The crazy thing about becoming a dystopian society is that it’s not that crazy. Following the disaster of World War I and the hyper inflation that followed, Germany wanted a strong leader to fix its economic woes. It’s becoming somewhat commonplace to compare Donald Trump to Adolf Hitler. Trump’s strong nationalistic authoritarianism makes it easy, but rather than make a historical comparison that can be dismissed as hyperbole, it’s more effective – and true – to point that Trump’s cult of personality is that of Big Brother, the leader who is always watching you.
The blind faith of Big Brother in “1984” is strikingly similar to the blind faith Trump supporters have in their guy, even when he criticizes women, war heroes and the disabled. This is all chalked up to being against political correctness, just as his defense of single payer health care, war crimes and protectionism is defended as somehow being anti-establishment.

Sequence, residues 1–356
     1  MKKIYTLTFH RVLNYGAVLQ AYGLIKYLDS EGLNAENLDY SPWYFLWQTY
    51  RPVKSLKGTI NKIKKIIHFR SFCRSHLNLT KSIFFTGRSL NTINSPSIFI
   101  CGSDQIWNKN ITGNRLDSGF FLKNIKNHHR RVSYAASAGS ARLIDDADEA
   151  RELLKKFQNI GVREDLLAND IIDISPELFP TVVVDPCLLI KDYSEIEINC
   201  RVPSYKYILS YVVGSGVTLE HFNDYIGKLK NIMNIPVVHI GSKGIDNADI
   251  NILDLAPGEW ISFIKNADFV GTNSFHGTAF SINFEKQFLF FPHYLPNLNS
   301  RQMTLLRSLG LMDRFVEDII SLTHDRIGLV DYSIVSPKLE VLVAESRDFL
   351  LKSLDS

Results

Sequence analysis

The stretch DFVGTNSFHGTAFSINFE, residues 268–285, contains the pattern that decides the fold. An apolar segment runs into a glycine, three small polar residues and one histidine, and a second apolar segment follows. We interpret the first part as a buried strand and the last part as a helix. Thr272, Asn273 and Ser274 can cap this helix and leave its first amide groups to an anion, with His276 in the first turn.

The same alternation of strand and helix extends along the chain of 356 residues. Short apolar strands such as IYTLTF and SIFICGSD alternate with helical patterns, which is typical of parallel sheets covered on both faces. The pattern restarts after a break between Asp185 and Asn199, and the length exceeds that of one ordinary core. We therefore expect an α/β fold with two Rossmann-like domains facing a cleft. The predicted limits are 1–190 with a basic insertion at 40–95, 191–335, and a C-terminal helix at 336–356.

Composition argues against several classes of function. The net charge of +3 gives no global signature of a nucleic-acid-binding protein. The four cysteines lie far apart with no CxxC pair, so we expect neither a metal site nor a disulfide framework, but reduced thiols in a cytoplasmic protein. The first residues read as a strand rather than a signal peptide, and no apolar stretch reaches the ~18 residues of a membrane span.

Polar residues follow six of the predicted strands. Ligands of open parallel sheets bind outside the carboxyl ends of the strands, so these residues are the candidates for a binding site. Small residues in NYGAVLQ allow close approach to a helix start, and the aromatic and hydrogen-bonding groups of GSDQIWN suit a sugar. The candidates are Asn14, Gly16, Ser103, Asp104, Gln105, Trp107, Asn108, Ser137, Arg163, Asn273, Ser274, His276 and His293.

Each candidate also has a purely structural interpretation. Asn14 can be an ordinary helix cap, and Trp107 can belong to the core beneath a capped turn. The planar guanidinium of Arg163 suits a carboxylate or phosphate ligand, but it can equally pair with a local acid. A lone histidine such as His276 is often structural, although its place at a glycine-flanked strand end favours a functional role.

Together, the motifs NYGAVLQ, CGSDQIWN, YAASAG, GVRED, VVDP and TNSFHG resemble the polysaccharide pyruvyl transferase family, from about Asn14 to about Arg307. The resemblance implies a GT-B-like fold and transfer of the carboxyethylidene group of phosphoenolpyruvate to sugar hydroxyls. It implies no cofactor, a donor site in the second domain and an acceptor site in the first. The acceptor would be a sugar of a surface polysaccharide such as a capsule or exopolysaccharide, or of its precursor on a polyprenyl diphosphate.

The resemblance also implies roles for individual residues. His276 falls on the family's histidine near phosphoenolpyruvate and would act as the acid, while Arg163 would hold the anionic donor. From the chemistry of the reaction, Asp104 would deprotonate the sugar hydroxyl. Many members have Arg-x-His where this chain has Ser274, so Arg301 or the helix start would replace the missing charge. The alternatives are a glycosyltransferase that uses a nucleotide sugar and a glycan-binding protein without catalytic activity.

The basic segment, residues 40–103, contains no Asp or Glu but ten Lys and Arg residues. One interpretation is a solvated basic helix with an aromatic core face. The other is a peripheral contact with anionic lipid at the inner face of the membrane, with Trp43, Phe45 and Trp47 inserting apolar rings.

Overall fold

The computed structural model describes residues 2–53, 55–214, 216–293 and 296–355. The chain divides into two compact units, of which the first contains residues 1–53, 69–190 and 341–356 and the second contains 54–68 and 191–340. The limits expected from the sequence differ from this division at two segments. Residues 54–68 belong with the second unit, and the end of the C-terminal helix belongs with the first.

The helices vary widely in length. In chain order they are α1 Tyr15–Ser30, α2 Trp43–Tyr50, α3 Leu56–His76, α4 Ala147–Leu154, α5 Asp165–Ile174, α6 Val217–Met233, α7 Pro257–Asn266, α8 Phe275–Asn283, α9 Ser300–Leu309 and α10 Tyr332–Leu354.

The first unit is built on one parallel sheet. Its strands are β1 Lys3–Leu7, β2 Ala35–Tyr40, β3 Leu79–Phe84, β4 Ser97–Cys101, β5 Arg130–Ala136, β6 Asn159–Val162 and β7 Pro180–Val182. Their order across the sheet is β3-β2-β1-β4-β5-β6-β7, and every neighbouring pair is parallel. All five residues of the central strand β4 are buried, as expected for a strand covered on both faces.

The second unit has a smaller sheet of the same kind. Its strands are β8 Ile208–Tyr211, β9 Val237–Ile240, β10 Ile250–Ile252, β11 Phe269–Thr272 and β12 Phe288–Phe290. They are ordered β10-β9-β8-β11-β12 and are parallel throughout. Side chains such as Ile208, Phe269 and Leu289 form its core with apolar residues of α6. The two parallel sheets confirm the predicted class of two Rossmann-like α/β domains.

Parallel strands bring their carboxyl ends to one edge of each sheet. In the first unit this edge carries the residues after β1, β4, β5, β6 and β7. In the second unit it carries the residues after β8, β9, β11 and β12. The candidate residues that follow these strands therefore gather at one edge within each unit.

It’ll be a nightmare when Sean Hannity and Ann Coulter are in charge of the Ministry of Truth and the state run media. Duncan Hunter and Jeff Sessions will be in charge of the TrumpStopo Thought Police breaking into homes of anyone not eating Trump Steaks. Attorney General Chris Christie will be prosecuting dissenters of the administration and those who thought The Apprentice was just “meh.”
The problem with blind faith in Trump isn’t so much to do with him, though. A lot of it stems from a prevailing belief that politicians can fix our problems. Even when rhetoric seems to be anti-politician – which many Trump supporters would claim to profess – voters tend to just want to replace one politician over another. But no single man or woman is going to bring about change, and no voter should invest his or her faith in an individual person. Ideas move society, not politicians.